The Adventist Health Study-2 has published results of their study on prostate cancer risk among various diet groups after 7.8 years of follow-up.
Vegans were shown to have a 34% lower risk of being diagnosed with prostate cancer than regular meat-eaters. The other diet groups were not found to be statistically different than regular meat-eaters. Here are the confidence intervals:
- Non-Veg: 1.00
- Semi-Veg: 1.18 (.91, 1.54)
- Pesco: 1.07 (.88, 1.31)
- Lacto-Ovo: .96 (.83, 1.12)
- Vegan: .66 (.50, .87)
The results were adjusted for age, race, family history, education, screening, caloric intake, and body mass index. There were 2,140 vegans in the study.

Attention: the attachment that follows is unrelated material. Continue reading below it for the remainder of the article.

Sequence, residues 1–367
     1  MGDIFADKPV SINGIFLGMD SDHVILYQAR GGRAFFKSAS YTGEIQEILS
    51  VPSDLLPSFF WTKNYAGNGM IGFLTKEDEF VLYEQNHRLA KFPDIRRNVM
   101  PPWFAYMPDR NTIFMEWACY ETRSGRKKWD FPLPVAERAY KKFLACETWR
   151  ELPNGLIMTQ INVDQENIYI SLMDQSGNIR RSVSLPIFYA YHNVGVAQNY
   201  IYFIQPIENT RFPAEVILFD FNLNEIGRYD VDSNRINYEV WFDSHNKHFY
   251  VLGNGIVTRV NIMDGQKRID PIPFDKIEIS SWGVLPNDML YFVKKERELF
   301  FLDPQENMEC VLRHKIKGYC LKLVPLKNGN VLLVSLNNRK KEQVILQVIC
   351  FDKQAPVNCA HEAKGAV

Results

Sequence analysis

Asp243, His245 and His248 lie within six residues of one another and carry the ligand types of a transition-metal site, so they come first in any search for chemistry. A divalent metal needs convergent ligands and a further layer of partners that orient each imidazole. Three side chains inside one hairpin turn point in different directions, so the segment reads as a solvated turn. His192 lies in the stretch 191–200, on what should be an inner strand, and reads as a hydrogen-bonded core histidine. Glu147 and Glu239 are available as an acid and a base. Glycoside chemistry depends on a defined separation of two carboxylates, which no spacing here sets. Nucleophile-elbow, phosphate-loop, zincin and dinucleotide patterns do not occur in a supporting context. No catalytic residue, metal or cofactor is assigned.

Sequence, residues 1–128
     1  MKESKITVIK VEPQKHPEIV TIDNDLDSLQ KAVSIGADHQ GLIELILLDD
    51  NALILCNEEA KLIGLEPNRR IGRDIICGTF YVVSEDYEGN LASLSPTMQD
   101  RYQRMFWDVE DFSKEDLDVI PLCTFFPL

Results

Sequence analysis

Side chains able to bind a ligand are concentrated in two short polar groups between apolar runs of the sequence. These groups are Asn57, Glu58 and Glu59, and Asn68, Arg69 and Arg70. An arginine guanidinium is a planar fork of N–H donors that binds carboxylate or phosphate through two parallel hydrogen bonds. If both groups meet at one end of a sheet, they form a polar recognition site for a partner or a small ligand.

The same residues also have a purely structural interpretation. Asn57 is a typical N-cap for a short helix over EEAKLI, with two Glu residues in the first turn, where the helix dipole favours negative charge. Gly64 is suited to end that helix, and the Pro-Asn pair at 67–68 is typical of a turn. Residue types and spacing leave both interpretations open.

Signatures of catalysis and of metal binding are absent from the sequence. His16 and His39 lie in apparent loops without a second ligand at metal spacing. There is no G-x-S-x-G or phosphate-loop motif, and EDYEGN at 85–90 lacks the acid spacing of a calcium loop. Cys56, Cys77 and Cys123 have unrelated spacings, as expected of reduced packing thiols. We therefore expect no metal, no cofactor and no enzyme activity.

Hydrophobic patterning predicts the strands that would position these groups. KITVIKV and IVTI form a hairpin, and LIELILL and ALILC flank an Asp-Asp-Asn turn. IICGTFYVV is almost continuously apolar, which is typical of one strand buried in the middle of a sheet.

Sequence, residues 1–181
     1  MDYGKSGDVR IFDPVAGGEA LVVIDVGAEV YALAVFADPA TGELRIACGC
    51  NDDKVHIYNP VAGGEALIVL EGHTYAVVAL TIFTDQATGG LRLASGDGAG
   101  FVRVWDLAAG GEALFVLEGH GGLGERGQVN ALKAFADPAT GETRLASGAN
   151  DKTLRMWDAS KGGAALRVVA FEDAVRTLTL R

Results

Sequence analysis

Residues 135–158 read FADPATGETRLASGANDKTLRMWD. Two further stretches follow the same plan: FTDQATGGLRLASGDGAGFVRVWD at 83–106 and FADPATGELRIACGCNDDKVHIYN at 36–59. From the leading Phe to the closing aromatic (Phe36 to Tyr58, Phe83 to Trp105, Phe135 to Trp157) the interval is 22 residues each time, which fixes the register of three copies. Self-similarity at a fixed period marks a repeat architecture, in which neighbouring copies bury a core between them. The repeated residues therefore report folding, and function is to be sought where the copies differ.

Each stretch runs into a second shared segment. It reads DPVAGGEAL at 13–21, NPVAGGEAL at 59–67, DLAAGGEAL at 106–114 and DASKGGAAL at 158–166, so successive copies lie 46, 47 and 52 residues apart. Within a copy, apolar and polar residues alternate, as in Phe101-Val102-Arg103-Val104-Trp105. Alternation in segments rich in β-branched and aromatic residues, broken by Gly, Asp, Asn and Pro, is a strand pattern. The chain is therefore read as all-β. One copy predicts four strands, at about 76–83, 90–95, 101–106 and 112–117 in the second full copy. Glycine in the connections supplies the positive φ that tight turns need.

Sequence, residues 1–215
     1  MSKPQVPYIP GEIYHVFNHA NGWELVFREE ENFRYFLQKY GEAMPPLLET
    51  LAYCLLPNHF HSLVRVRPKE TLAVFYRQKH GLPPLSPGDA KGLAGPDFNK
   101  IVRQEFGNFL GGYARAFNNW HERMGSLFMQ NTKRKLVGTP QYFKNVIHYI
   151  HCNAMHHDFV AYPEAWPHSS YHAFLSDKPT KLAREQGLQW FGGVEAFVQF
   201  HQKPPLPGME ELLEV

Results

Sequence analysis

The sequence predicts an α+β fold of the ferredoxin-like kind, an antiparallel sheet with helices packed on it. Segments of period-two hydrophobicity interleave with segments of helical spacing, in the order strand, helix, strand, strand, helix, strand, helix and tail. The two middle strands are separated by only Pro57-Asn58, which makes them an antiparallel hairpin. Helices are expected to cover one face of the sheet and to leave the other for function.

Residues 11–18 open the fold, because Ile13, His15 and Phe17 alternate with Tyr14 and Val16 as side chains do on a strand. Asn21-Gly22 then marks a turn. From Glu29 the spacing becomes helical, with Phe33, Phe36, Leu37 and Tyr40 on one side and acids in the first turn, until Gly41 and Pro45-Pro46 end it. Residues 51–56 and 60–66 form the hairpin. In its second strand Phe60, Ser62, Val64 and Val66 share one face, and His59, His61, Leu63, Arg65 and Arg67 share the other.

A similar trend was found when looking only at African American participants, but the results didn’t reach statistical significance.
Among those diagnosed with advanced prostate cancer (as distinct from all types of prostate cancer) vegans had a 30% reduced risk, but it wasn’t statistically significant.
The authors speculated on a number of mechanisms that could be responsible for the lower rates among vegans:
- Lower levels of insulin-like growth factor 1
- Lower insulin resistance
- Lower calcium intakes increasing the need for the conversion of vitamin D into its active form which might reduce prostate cancer
- Reduced inflammation due to higher antioxidant intakes
- Increased soy consumption which has been linked to lower prostate cancer risk (with a large number of possible mechanisms)
I have updated the prostate cancer section of the VeganHealth.org article, Cancer, Vegetarianism, and Diet.